This month First Baptist Church of Nitro will begin the 2012 budget process. For many of us, the whole thing may be quite confusing – lots of numbers being presented, projections being made, votes taken, then short notes in the bulletin that have even more numbers for us to digest. In this article, I’d like to share the basics of why we have a church budget and how it works.
Jesus says to us in Luke 14:27-33, Whoever does not bear his own cross and come after me cannot be my disciple. For which of you, desiring to build a tower, does not first sit down and count the cost, whether he has enough to complete it? Otherwise, when he has laid a foundation and is not able to finish, all who see it begin to mock him, saying, ‘This man began to build and was not able to finish.’ Or what king, going out to encounter another king in war, will not sit down first and deliberate whether he is able with ten thousand to meet him who comes against him with twenty thousand? And if not, while the other is yet a great way off, he sends a delegation and asks for terms of peace. So therefore, any one of you who does not renounce all that he has cannot be my disciple.
The first step in the budget process is developing the budget. In our church the Board of Trustees has that responsibility. They prayerfully seek to project what the church’s income will be for the coming year. They also look at projected church expenses, and then seek to balance the budget so that all the obligations will be met. They are seeking to be good stewards of what God has entrusted to their care.
The second step in the budget process is adopting the budget. The proposed budget is presented to the congregation and the congregation votes in a business meeting whether or not to adopt. When the church adopts the budget, it is committing to support the budget through contributions in the coming year. Sometimes a church congregation may vote to amend the budget, which means they change what the Trustees have presented to them. They may decrease the budget if they feel they cannot support it financially, or they may increase the budget if they would like to support even more ministry projects. Last year, our congregation voted to increase the budget, indicating that we would like to support more extensive ministry than what the original budget described.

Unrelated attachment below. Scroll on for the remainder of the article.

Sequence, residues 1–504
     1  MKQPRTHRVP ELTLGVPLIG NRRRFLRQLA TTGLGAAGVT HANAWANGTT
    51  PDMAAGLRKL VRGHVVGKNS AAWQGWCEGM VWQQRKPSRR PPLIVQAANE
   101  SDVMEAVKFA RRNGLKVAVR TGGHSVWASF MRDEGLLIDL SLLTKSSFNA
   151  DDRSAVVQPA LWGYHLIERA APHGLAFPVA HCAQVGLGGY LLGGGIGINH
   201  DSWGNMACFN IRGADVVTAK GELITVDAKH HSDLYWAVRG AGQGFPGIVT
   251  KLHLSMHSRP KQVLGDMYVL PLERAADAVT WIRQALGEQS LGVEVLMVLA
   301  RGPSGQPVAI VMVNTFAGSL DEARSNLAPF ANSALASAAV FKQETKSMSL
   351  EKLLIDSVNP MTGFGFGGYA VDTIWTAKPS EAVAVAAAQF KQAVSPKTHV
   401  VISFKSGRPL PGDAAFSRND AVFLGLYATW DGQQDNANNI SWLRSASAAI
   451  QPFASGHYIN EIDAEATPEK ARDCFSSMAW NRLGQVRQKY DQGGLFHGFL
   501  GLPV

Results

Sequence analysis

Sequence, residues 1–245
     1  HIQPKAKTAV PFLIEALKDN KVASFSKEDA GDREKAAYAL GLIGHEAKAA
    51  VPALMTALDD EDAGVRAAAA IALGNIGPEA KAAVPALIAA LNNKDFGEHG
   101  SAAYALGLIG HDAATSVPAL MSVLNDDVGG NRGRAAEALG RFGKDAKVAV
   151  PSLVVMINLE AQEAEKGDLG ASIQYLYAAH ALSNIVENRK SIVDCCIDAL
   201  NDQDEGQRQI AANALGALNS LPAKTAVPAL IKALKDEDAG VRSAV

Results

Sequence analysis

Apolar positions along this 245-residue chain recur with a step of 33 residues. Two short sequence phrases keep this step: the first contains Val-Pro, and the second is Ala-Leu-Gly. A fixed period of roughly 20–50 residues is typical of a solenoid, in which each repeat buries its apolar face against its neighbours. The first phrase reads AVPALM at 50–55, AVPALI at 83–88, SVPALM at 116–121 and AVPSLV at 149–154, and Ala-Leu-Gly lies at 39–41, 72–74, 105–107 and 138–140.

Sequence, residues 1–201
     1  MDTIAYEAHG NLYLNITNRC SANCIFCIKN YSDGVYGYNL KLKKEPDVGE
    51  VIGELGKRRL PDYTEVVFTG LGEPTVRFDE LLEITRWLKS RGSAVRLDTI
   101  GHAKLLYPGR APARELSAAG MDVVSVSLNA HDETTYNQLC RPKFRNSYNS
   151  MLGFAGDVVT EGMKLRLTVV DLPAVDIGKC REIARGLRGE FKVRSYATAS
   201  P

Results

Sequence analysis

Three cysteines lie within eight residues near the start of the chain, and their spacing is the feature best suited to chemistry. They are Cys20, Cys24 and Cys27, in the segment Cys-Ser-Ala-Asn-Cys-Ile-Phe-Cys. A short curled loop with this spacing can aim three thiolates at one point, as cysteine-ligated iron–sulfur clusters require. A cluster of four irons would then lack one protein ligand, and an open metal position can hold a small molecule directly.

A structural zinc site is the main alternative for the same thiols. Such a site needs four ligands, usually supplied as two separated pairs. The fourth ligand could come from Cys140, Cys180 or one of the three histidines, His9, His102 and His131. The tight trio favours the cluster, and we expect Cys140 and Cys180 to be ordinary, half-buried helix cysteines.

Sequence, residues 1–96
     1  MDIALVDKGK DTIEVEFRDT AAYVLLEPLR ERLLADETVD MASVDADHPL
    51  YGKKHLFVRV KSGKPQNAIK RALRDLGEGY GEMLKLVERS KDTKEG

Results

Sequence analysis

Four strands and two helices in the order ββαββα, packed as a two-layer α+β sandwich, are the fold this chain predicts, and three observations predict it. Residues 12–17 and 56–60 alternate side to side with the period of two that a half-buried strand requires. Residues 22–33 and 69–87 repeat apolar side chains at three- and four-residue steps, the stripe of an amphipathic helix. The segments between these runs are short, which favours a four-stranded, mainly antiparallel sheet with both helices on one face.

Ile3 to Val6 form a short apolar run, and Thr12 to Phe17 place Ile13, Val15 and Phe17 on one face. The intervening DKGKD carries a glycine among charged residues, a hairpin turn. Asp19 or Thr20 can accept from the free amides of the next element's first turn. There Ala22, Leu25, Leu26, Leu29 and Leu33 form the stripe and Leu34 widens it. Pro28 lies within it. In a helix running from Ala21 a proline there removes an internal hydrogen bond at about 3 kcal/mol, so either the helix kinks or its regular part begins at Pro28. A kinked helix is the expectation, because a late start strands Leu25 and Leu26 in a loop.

The third step in the budget process is supporting the budget. Once the budget is adopted by the church in a business meeting, then the church fulfills its commitment to support the budget by giving to the church. Throughout the year the Trustees will indicate how well the congregation is doing in keeping their commitment by short reports in bulletins and in business meetings. For 2011, we have not done well at keeping our commitment to support the church budget.
Unlike our federal government, when we have a shortfall in income we can’t print more money to offset the difference. We also can’t force people to contribute more, since all giving is voluntary. The only choices we have are either to increase our income or to cut our expenses.
Someone may say, “Well I don’t believe we should be concerned with the budget. Let’s just trust God to provide for our needs – He will make sure everything is okay.” God certainly will provide for our financial needs. As the Scripture above describes however, He does so after we have surrendered our all to Him and after we have done our best at planning for the future.
So as the 2012 budget process begins, will you pray for the Trustees as they develop the annual ministry budget and for the congregation as we commit our financial support? Will you give regularly and sacrificially to be a part of what God is doing at First Baptist Church Nitro? Will you count the cost of being a disciple of Jesus?